Gary Genosko is Professor of Communication and Digital Media Studies at University of Ontario Institute of Technologyin Toronto. He is the author and editor of over 20 volumes, the most recent of which are, as author, When Technocultures Collide: Innovation from Below and the Struggle for Autonomy (Wilfrid Laurier University Press, 2013) and Remodelling Communication: From WWII to the WWW (University of Toronto Press, 2012). His next book, Critical Semiotics: From Information to Affect, is in press with Bloomsbury.
Authors | Gary Genosko
Articles on Amodern by Gary Genosko
Harley Parker was born in Thunder Bay (then Fort William), Canada in 1915 and spent his youth there, graduating from high school and then in a compressed one-year degree from a local technical institute. He studied at Ontario College of Art (OCA), where he excelled, graduating in 1939, and between 1940-42 he took up posts at Cooper and Beatty and T. Eaton and Co. in Toronto as a typographic designer. His typographic skills and experimental style would prove to be dazzling, to which two of his later collaborations with Marshall McLuhan would attest, first in the guise of Explorations 8 (Verbi-Voco-Visual Explorations) (1957), and later in the book Counterblast (1969). After serving in the Canadian military from 1942-45 where he was Sergeant Instructor to the Camouflage Wing, he returned to take up a teaching post at OCA where he remained until 1957 when he joined the Royal Ontario Museum (ROM). During his second year back at OCA he pursued a post-graduate course at the Summer Arts Institute of Black Mountain College in Asheville, North Carolina. That year (1946) Bauhaus professor Josef Albers taught color theory and Parker took his class. Parker’s career as Head of Exhibit Design at the ROM lasted until June 30th, 1968, after completing most of a year-long leave of absence. The ROM’s employee card put the matter dryly: “Did not return.” During his leave Parker accompanied McLuhan to Fordham University where he took the post of Associate Professor in the Albert Schweitzer Program, during McLuhan’s year there as a research chair. Parker would later occupy the first William A. Kern Chair in Communications at the Rochester Institute of Technology (1973).
The story of Parker’s career is not well known, despite his much publicized collaborations with McLuhan in books (co-authoring Through the Vanishing Point, 1968), films (Picnic in Space, 1967), and events like the seminar on Museum Communication at the Museum of the City of New York (1967). This special issue of Amodern – the second of my Parker-focused activities following upon the 2012 seminar in Oshawa, Harley Parker and Challenge to Curatorial Authority, during which several of the papers published here were first presented – will contribute to filling in the gaps and consolidating Parker’s considerable accomplishments. Parker remains an enigma in part due to his status, first, as a problem-solving installation designer within a university museum that valued curation over design, and second, as a celebrated designer operating in the shadow of a major public intellectual, McLuhan; at worst, this position can be summed up by those newspapers wags who simply said he was “fronting” for McLuhan. The essays in this special issue reveal that Parker authored numerous articles on design and perception, and appeared regularly in the Toronto newspapers as a jack-of-all-trades prepared to speak on art, society, technology, and architecture.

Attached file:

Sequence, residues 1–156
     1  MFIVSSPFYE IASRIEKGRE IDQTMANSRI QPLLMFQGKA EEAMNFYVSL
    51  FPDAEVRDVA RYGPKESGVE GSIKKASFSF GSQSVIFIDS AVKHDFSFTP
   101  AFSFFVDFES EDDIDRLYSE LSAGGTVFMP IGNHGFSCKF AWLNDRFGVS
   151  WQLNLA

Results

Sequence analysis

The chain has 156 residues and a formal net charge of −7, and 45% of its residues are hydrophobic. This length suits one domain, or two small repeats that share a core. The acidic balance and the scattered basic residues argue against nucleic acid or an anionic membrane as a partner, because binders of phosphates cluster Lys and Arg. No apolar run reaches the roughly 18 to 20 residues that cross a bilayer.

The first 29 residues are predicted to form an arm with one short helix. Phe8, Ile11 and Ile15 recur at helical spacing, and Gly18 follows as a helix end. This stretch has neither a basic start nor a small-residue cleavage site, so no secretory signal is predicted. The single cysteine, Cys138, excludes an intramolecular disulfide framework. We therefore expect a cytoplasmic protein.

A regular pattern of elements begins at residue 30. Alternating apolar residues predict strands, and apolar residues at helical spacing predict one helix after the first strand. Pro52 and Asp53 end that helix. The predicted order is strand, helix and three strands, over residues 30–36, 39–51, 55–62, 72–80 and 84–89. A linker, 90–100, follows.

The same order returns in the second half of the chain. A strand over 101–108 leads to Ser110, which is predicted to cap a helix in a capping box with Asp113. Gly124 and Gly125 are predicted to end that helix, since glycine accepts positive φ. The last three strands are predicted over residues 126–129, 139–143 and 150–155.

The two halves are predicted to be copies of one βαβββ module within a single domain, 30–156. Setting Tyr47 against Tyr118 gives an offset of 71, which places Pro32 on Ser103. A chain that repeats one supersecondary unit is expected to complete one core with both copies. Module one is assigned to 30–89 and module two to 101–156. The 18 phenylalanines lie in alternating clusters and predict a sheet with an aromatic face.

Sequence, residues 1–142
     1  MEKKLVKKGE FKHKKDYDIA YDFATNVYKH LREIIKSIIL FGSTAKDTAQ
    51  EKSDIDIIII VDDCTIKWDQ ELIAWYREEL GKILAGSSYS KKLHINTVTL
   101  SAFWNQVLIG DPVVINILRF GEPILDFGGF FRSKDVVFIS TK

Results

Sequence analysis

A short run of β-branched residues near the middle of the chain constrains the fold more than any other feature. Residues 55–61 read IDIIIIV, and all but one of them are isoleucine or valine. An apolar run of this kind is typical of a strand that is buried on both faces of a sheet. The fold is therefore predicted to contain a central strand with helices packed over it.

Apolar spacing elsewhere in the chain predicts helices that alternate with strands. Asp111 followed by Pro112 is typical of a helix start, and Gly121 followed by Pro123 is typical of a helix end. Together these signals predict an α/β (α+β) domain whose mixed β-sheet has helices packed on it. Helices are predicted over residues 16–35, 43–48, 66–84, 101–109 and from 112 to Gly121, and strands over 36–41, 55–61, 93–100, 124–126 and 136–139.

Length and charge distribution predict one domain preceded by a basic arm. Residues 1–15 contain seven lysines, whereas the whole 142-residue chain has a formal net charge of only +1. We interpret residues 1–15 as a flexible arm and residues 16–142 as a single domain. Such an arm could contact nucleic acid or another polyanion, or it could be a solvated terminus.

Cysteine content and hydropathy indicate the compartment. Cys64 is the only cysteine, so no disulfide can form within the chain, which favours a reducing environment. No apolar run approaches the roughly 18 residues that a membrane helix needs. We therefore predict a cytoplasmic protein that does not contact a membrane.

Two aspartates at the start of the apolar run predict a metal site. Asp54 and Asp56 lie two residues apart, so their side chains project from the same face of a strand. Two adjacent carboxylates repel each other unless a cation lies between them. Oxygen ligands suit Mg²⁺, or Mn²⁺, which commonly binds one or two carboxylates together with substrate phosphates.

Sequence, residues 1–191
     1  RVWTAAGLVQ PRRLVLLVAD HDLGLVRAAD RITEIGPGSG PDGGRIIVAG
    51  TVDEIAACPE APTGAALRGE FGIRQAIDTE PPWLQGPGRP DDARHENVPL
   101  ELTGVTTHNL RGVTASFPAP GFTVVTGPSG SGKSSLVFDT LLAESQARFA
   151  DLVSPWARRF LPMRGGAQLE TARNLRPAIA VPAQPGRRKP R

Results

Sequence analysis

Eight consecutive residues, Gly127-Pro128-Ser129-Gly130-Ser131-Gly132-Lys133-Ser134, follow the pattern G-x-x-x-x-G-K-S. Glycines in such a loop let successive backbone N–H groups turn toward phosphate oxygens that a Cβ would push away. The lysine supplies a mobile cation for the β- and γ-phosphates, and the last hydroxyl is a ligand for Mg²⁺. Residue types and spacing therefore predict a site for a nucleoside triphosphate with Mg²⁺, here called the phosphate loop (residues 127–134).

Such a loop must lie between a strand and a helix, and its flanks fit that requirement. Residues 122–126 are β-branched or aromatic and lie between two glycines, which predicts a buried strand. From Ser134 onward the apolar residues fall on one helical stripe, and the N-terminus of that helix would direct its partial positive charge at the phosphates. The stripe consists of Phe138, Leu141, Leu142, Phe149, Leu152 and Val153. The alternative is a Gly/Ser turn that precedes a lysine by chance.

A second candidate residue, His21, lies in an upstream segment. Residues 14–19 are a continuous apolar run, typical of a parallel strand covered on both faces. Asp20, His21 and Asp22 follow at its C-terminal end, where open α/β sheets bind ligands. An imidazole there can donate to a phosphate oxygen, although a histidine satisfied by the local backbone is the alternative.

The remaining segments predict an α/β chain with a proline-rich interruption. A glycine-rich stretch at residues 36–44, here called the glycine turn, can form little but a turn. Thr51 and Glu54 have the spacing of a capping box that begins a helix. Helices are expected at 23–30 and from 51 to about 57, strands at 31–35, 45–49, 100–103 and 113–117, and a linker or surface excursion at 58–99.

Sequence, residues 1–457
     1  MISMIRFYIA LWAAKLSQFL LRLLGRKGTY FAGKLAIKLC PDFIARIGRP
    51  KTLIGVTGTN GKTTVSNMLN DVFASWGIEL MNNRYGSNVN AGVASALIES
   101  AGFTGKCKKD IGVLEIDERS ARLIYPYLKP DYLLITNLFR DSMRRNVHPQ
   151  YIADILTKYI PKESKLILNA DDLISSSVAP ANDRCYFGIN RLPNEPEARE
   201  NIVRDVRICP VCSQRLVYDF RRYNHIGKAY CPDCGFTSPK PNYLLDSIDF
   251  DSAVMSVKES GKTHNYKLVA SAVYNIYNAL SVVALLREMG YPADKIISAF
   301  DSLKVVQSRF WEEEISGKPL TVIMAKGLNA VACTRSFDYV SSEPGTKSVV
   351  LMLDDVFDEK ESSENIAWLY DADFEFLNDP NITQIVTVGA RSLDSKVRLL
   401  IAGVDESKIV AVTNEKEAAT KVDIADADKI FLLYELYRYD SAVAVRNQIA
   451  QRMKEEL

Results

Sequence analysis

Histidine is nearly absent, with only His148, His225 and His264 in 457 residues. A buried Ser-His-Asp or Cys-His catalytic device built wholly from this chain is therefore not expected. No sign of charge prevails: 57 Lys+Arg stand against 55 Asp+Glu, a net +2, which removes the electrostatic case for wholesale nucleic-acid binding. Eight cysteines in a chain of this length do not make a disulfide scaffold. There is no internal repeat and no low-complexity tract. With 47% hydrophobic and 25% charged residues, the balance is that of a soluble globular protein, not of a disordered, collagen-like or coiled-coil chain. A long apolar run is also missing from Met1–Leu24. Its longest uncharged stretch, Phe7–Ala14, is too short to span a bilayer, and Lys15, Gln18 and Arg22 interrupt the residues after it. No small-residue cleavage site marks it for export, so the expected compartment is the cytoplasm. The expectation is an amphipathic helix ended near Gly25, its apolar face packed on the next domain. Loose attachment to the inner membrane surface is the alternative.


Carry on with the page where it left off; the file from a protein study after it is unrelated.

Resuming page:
Harley Parker’s Struggles at the Royal Ontario Museum
This paper examines Harley Parker’s main achievement as Head of Installation at the Royal Ontario Museum, the “Hall of Fossils” that opened in January 1967; it was dismantled decades later. Parker’s explanations of the decisions he made in constructing the exhibits, as well as deviations from the subject matter proper of paleontology, are considered within an overall critical assessment of the challenge he faced in reaching a very specific audience. His meditations on why it was important to reach a youth and “hippy” countercultural viewership are contextualized in relation to the theories of his colleague and collaborator Marshall McLuhan, and his failures in this regard are exposed and discussed.
This paper focuses on the famous journal Explorations, co-edited by Marshall McLuhan and Edmund Carpenter in the 1950s with, however, an important exception. After the initial 9 issues, the journal was reborn as an insert in the University of Toronto alumni and public relations department's journal Varsity Graduate in 1964 and boasted a run of another 8 years. This article examines this period of Explorations, the other supplements that were published alongside it, the relationships between the editors and the institutional constraints within the University of Toronto, and theorizes about the significance of this serial for the vicissitudes of scholarly publishing today.